As the weather starts to warm up, you might be itching to get back outdoors for a run. Outdoor workouts offer both physical and psychological benefits such as helping with depression, anxiety and fatigue.1 Running outdoors is different than running indoors on a treadmill. As such, there are considerations to remember that can ease this transition.
I registered on a whim for my first Hustle Up the Hancock stair climb thinking it would be something cool and unique. However, my rationale for registering did not provide the best parameters for designing a training program.
Are you a female runner who has been preparing for a marathon? As you increase your mileage, you have likely experienced an increase in sweating. This is normal. However, if you have also experienced urinary leakage, this is NOT normal!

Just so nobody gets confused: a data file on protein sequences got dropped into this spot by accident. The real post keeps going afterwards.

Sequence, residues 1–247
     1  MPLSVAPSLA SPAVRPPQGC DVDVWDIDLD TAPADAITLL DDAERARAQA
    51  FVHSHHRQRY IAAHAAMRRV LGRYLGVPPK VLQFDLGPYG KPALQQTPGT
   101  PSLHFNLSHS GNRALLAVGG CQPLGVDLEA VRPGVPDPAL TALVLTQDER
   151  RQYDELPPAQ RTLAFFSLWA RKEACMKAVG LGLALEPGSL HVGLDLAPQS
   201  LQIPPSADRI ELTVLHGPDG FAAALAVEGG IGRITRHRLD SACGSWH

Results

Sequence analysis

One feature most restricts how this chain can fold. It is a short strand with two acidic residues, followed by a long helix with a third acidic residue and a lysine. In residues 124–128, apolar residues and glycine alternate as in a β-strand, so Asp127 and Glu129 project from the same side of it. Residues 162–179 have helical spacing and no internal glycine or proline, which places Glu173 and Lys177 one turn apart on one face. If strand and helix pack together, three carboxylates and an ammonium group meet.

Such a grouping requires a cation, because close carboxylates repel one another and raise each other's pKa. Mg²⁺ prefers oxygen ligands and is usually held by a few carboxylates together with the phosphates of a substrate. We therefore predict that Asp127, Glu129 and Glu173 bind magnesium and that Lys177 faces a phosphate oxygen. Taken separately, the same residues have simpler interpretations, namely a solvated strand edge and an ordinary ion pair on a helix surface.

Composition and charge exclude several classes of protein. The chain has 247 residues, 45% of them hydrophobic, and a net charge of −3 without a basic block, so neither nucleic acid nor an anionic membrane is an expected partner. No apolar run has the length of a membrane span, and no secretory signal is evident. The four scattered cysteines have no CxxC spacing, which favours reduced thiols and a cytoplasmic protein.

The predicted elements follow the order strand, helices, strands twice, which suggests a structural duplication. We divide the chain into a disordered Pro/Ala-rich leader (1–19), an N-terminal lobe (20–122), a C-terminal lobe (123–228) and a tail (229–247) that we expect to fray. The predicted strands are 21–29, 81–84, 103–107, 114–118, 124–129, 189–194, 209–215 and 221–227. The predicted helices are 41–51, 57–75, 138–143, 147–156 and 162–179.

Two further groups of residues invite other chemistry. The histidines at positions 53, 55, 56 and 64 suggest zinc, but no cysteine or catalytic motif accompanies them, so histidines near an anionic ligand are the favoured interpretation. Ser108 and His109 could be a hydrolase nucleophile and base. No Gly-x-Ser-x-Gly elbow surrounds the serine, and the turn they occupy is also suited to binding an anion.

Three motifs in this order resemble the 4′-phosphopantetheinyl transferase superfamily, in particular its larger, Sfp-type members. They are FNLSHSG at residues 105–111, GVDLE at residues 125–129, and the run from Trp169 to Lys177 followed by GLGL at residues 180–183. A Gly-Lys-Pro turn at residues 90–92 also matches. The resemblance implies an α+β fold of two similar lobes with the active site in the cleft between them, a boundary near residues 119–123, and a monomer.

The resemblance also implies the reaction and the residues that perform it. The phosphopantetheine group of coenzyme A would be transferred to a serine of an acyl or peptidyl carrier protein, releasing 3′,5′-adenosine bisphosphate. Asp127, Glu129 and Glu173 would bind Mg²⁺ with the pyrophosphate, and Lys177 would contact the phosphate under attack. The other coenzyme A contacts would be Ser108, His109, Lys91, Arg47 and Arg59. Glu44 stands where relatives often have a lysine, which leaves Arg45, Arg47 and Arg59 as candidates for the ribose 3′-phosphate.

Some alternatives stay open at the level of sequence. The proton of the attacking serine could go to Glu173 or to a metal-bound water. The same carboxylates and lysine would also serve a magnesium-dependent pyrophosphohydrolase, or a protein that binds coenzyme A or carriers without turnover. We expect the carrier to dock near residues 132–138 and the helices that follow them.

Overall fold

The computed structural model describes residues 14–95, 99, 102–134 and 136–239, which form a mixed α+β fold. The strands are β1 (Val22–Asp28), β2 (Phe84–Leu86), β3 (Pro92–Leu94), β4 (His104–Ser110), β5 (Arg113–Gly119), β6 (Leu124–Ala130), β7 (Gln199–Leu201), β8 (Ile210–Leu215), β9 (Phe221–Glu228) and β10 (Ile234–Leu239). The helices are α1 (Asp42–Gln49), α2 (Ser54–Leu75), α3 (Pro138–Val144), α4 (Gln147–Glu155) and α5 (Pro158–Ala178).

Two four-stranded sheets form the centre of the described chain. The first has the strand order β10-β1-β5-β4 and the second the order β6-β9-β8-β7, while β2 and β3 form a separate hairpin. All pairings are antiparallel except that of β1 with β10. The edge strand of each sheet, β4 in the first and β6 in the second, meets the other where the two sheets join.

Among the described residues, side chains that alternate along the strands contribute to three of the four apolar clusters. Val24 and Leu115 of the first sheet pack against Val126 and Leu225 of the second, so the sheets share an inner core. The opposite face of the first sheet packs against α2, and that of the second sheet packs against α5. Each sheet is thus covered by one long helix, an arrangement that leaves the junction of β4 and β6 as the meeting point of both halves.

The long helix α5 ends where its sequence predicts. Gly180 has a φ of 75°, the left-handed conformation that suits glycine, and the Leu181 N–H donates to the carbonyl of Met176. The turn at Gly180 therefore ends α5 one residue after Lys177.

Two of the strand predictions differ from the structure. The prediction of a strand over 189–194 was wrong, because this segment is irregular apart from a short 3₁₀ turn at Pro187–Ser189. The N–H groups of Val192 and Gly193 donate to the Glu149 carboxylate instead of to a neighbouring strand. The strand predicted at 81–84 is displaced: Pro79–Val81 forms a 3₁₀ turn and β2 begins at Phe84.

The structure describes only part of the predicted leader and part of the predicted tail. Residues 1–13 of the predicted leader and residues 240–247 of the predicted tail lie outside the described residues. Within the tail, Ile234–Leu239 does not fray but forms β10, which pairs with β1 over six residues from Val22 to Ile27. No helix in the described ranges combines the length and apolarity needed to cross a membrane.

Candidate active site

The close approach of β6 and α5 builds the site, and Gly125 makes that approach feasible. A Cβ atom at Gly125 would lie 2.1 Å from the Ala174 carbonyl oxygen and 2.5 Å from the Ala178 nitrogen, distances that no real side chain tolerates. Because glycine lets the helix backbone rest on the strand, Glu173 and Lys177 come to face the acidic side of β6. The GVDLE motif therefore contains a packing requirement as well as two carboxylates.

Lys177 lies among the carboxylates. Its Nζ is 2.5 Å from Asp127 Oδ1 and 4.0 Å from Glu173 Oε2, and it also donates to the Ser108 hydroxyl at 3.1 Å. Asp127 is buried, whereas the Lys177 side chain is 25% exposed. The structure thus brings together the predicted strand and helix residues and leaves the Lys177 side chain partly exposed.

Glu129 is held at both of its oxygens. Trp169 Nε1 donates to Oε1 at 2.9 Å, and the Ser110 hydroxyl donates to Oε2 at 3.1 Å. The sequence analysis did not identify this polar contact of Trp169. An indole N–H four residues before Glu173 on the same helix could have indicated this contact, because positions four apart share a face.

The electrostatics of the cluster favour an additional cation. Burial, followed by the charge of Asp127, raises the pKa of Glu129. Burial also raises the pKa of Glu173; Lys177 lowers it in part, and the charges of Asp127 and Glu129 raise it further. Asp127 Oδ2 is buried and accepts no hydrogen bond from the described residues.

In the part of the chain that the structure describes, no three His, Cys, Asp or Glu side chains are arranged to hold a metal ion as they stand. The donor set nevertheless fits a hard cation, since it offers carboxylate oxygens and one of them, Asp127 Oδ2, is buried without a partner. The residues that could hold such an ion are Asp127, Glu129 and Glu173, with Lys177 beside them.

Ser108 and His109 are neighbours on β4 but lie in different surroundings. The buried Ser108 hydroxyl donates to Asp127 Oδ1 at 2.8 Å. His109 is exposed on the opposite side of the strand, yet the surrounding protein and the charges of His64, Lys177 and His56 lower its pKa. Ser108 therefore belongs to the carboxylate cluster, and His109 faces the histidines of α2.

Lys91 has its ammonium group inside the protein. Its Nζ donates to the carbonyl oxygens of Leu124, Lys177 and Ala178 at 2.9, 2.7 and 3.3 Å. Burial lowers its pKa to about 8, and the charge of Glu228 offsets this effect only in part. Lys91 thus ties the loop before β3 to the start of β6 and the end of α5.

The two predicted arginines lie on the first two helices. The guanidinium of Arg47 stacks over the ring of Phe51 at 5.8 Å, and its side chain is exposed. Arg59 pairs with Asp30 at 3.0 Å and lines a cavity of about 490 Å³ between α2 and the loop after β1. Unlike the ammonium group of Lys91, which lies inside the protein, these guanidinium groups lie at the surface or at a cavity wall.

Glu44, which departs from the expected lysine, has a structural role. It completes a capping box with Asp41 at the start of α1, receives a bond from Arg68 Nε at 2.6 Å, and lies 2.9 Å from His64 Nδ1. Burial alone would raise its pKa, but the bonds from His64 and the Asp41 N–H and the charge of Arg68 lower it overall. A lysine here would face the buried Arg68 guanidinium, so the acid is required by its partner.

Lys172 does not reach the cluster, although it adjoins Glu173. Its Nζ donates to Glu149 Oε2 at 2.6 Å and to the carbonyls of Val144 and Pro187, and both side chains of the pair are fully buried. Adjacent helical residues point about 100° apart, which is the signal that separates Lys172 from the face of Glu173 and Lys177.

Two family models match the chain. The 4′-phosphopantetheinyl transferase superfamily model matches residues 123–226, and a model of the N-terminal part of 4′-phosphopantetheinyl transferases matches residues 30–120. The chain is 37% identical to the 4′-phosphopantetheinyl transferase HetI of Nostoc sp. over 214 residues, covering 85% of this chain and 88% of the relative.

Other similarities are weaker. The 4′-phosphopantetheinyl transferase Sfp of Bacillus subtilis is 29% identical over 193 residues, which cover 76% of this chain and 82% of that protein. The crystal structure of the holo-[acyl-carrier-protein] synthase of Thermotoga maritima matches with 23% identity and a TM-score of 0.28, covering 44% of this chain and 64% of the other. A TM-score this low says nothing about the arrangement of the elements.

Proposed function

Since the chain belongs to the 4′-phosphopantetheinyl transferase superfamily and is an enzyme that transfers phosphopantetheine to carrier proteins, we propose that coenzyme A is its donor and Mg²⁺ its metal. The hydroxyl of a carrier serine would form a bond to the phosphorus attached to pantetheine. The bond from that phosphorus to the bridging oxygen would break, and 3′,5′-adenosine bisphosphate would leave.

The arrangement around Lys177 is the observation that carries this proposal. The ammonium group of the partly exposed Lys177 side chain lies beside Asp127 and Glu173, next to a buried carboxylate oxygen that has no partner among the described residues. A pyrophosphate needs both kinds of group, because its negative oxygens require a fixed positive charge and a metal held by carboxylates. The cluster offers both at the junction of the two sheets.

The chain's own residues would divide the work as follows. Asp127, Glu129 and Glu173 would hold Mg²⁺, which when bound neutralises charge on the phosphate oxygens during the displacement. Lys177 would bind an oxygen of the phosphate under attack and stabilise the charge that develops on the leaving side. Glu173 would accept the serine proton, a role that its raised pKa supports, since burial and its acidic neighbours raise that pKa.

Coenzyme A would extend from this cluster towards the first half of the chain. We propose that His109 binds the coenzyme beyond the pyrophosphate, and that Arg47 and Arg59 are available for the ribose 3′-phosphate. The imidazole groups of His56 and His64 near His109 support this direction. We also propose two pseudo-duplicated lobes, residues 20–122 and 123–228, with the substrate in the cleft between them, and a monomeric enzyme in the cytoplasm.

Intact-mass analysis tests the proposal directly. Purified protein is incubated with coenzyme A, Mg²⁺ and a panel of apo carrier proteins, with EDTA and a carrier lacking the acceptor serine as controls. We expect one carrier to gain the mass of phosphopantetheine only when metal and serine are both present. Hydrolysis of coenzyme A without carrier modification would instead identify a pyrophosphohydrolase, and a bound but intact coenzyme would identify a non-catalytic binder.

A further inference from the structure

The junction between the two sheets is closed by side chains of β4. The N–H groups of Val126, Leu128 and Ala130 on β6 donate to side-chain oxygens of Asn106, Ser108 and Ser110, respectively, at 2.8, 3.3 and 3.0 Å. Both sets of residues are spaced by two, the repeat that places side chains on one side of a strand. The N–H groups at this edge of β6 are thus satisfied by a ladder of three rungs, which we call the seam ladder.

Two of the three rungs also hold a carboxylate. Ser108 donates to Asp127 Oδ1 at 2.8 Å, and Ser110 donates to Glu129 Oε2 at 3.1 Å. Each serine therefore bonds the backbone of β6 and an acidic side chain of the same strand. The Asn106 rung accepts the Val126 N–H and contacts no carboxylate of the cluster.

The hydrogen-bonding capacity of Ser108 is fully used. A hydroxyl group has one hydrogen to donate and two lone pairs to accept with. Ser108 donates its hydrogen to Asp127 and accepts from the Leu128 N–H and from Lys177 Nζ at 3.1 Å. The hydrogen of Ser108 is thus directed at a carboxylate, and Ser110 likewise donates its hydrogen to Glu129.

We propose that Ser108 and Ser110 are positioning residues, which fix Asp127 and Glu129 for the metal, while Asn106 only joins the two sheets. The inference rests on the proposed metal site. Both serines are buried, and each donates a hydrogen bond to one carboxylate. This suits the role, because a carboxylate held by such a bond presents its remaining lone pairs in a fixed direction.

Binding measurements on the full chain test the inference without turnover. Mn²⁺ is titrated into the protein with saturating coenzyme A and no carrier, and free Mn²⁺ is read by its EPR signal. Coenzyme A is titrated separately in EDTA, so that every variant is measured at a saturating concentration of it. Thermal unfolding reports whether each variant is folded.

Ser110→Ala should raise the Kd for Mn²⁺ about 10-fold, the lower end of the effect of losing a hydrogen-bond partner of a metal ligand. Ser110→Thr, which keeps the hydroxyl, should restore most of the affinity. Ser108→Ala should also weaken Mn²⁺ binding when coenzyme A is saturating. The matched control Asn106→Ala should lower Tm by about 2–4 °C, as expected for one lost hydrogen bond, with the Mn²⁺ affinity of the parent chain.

Many marathon runners will experience injuries due to things such as overtraining, poor footwear and muscle imbalance. In fact, data shows that running-related injuries to the lower extremity can occur in 19.4 percent to 79.3 percent of runners each year – with marathon runners averaging 58 percent.(1,2)
Running is a great hobby that it not only good for your health, but also brings people together.
Training for your first marathon can be a daunting task – not only do you have to build up your stamina, but you also have to do so while keeping your body healthy enough for the next training session.
Participation in triathlons in the United States is at an all-time high according to USA Triathlon, the sport’s governing body in the United States. The group’s membership has swelled from around 100,000 in 1998 to 550,446 in 2013.1 What’s more, estimates from the Sports and Fitness Industry Associated show there were 2,498,000 road triathletes in the United States in 2016.2